There’s a moment early in the book when Ender/Andrew is talking with his wife, Novinha, at a time when she has withdrawn following the death of an adult son. Ender, I have to say, has been very committed to staying married, no matter how hard she makes it. At this point she has joined a convent of sorts, and he has gone there to join her.
She shook her head. “You don’t believe in God, how’s that for starters?”
“I certainly do too believe in God,” said Ender, annoyed.
“Oh, you’re willing to concede God’s existence, but that’s not what I meant. I mean believe in him the way a mother means it when she says to her son, I believe in you. She’s not saying she believes that he exists—what is that worth?—she’s saying she believes in his future, she trusts that he’ll do all the good that is in him to do. She puts the future in his hands, that’s how she believes in him. You don’t believe in Christ that way, Andrew. You still believe in yourself. In other people…. You aren’t leaving anything up to God. You don’t believe in him.”
…“Maybe I don’t believe in Christ the way that you do,” said Ender. “But isn’t it enough that I believe in you, and you believe in him?” (pp. 29-30)
The argument between them isn’t as important as this description of believing in God. I think it’s a way of describing faith—believing so much that you act on the belief, trusting in the outcome. Not just believing in God’s existence, but believing God, trusting Him. And for those who can’t yet do that, but can trust someone else who does trust God, that is at least a step in the direction God is suggesting.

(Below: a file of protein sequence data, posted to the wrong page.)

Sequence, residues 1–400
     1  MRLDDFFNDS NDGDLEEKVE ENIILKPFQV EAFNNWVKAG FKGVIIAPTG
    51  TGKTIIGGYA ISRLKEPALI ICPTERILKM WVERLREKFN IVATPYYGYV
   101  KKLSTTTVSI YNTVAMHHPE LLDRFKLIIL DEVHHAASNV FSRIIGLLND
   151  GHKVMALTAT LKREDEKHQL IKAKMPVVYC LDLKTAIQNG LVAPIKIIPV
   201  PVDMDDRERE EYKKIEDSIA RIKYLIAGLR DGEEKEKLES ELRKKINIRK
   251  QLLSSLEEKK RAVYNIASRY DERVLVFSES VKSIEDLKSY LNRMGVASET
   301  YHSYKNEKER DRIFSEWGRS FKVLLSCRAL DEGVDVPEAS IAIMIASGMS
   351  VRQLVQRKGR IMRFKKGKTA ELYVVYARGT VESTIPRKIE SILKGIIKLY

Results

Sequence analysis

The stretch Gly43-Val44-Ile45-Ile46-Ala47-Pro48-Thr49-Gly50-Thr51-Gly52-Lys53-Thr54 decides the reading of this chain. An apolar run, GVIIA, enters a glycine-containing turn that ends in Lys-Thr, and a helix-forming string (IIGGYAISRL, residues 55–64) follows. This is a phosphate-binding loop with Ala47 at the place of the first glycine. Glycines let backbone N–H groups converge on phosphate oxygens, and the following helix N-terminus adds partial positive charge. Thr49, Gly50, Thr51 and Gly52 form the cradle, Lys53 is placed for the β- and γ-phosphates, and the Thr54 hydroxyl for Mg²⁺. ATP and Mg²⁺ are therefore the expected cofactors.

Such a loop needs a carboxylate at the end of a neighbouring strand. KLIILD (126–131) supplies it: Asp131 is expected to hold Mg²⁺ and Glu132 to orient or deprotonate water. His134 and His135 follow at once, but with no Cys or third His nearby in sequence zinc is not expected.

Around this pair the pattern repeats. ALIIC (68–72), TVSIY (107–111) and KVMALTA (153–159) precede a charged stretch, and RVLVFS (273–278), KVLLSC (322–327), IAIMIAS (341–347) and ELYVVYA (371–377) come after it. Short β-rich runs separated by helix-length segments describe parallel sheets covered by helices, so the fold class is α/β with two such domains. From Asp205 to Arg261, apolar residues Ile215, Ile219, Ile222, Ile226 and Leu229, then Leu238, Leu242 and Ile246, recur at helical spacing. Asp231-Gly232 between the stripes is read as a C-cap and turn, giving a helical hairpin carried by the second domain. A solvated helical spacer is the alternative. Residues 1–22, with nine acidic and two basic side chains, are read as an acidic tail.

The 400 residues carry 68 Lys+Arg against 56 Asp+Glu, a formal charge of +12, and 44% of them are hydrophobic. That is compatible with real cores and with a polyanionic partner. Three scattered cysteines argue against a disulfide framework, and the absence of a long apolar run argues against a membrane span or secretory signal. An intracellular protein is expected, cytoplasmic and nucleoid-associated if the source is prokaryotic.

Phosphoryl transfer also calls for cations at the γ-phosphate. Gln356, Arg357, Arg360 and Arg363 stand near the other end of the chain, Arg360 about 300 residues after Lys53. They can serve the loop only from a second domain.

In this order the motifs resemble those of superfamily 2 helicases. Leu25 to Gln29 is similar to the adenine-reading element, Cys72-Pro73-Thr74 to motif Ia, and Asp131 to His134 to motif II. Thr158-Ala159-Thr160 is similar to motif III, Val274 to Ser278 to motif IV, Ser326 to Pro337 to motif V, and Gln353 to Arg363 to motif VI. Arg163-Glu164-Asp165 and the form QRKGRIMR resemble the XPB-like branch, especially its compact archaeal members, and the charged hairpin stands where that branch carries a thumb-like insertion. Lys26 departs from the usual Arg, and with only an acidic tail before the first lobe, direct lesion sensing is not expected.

It might not be possible to know, for example, that being honest in your business dealings will lead to financial success. A high level of financial success might not even happen. But being willing to act honestly in business may be the path to a more fully lived life, a happier life. And if not in this life, then in the life to come—God’s choice. But acting on that trust opens the way for God to offer blessings of abundant life that won’t come, with or without financial success, when the honest path isn’t followed.
People who do not believe in God—do not trust Him—look for some other entity to trust. That makes them vulnerable to tyrants in a way that God-trusting people are not. If we know, as our founders did, that our rights come from God, we don’t give in to a power-hungry dictator who steps up and says, “Trust me; I’ll give you everything; just let me make all the decisions.”
I am reminded of these orchestrated protests exemplifying lack of civilization in cities around the country. These people do not trust God, to begin with. But in addition, they do not believe in themselves. They trust some super-entity, some government, to coerce outcomes that they want. They are sacrificing their time and work opportunities—real living, or making a living—trusting that some benevolent dictator will step in and meet their demands. From my point of view, believing in God is much more rational.